• Figure 2 depicts an infusion catheter 110 for injecting a solution into a subject. The catheter includes an elongated, dual lumen catheter body 112 for delivering a solution to an infusion site within a subject. A first lumen 114 extends from a proximally located solution input port 116 to a distal end of the elongated body 112.
  • Attached to the distal end of said elongated, dual lumen catheter body 112 are inner and outer solution confining balloons 130, 132 that define a solution delivery member 134. A first balloon 130 bounds an inner chamber 140. A center wall portion 142 has equally spaced openings or holes 144. At a proximal end of the infusion balloon 134 the two balloons 130, 132 overlap an end of the catheter body 12 to form a fluid entryway or opening 146 in fluid communication with the lumen 114 passing through the elongated body 112. Fluid injected into the sideport 116 passes through the lumen 114 from outside a subject into the inner chamber 140 by means of the entryway 146.
  • An outer chamber or plenum 150 is bounded by a wall 152 of the second balloon 132. The outer chamber 150 is also bounded by an outer surface of the wall 142 that defines the inner chamber 140. The wall 152 includes solution delivery openings 154 spaced along the length of the plenum 150. Solution exits the inner chamber to the outer chamber by means of holes 144, passes through the outer chamber 150 and is delivered to the vessel through the delivery openings 154 in the wall 152.
  • In accordance with a preferred embodiment of the invention, the inner balloon 130 has two solution confining chambers or lobes 160, 162 connected to each other by the center wall portion 142. A first lobe 160 is attached to the distal end of the elongated body to form the solution entry opening 146 of the inner chamber. In this embodiment the openings 144 for allowing solution to pass from the inner chamber to the outer chamber are located along the center wall section 142 and not along wall defining sections of the lobes.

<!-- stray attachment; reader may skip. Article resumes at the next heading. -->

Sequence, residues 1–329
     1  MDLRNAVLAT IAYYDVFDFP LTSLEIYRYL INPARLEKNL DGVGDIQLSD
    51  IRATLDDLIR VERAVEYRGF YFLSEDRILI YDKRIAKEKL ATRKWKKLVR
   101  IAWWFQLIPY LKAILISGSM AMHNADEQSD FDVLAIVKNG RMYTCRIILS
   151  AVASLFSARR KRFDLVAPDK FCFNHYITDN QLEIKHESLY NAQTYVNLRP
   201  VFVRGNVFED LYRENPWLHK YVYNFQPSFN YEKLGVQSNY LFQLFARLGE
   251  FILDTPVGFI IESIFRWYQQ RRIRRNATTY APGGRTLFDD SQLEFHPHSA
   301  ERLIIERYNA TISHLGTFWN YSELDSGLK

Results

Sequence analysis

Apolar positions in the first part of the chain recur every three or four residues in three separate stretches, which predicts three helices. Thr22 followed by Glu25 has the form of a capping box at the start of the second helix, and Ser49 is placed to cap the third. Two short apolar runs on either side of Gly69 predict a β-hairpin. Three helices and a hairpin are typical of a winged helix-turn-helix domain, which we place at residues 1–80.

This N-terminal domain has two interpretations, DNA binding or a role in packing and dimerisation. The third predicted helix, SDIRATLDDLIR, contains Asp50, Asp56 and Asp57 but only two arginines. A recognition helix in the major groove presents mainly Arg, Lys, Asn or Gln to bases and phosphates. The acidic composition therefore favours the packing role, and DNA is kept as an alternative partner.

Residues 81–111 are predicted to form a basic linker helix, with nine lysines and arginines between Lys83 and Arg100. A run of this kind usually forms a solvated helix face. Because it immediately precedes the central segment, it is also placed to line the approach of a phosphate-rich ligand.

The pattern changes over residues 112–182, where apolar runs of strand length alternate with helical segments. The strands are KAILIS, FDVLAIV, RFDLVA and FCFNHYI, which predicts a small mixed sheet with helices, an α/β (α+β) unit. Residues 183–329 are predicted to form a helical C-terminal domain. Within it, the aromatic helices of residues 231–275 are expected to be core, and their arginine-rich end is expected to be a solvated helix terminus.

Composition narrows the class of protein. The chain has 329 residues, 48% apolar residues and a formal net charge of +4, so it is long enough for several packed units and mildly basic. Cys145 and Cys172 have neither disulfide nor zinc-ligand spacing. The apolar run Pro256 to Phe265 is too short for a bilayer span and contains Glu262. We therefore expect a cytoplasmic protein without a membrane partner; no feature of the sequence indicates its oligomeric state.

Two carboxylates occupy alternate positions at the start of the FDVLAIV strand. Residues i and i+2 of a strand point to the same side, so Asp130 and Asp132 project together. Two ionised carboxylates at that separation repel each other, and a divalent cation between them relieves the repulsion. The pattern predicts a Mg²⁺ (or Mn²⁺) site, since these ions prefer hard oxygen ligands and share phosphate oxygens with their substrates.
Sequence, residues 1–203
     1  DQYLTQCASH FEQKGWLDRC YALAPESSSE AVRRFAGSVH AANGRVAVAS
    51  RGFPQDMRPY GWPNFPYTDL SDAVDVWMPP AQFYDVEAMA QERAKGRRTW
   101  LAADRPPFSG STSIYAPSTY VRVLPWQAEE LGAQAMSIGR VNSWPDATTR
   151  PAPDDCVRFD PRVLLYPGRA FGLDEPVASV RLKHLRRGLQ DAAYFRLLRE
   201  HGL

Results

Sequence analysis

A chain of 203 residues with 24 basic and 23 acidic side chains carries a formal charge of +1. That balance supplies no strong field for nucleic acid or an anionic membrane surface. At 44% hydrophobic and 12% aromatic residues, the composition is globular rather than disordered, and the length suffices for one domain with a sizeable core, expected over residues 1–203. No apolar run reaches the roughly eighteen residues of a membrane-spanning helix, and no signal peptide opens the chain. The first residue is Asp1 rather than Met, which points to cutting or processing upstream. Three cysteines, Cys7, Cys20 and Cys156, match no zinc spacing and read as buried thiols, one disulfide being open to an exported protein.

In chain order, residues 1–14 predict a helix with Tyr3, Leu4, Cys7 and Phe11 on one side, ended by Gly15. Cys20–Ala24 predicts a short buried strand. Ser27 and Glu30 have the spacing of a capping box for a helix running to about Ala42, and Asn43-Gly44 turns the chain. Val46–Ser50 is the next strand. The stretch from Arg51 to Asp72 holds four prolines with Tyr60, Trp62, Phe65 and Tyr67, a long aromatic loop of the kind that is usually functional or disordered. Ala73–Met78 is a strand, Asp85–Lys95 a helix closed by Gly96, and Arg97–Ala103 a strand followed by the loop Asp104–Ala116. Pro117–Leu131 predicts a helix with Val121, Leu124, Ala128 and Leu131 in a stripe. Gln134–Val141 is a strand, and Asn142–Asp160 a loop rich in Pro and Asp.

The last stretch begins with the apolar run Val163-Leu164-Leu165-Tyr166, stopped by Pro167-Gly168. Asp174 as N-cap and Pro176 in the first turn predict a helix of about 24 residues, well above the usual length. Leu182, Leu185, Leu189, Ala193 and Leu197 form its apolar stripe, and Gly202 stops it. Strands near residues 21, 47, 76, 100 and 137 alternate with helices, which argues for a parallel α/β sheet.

• In the embodiment illustrated in Figure 2, a guidewire tube 180 extends completely through the inner chamber 140 from outside the catheter's distal end into a second lumen 181 of the dual lumen catheter body. Outside the subject this lumen 181 opens into an inlet port 184 of a molded plastic hub 182 that also defines the side port 116 for injecting fluid through a passageway 185 into the lumen 114.
  • Engagement between the elongated body 112 and the balloons 130, 132 is more clearly depicted in the enlarged view of Figure 2A. An outer body 190 overlaps the dual lumen body 112 and is contacted by the proximal end of the inner balloon 130. The tube 180 is connected to dual lumen body 112 by inserting a proximal end of the tube 180 into the lumen 181 and sealing the tube to an inner wall 192 of the lumen 181. As seen in Figure 2 the tube 180 extends through the balloons 130, 132 and is fused to the inner balloon 130 near a distal end of the catheter. A preferred guidewire tube 180 is a co-extruded tube having an inner, relatively thin layer of lubricious material and a stiffer, thicker outer layer. Prior art catheters sold by Cordis Corporation have included guidewire tubes of such a construction.
  • Representative diameter sizes for the holes in the inner and outer chamber walls are 25 microns for the openings 144 in the inner balloon and 8 microns for the openings 154 in the outer balloon. To assure that the outer chamber is at a much lower pressure than the inner chamber, the outer chamber has many more holes in its outer wall. Infusion catheters constructed in accordance with the invention have balloon diameters of from approximately 2.5 to 4 millimeters when inflated. A pressure of approximately three atmospheres is maintained at the proximal hub 182 throughout solution delivery into the subject vasculature.
  • The inner and outer chambers are connected together at the locations the balloons 130, 132 are attached to the catheter body 112 and the guidewire tube 180. The two balloons 130, 132 are in overlying relation to each other along the length of the balloon but are not connected along their lengths.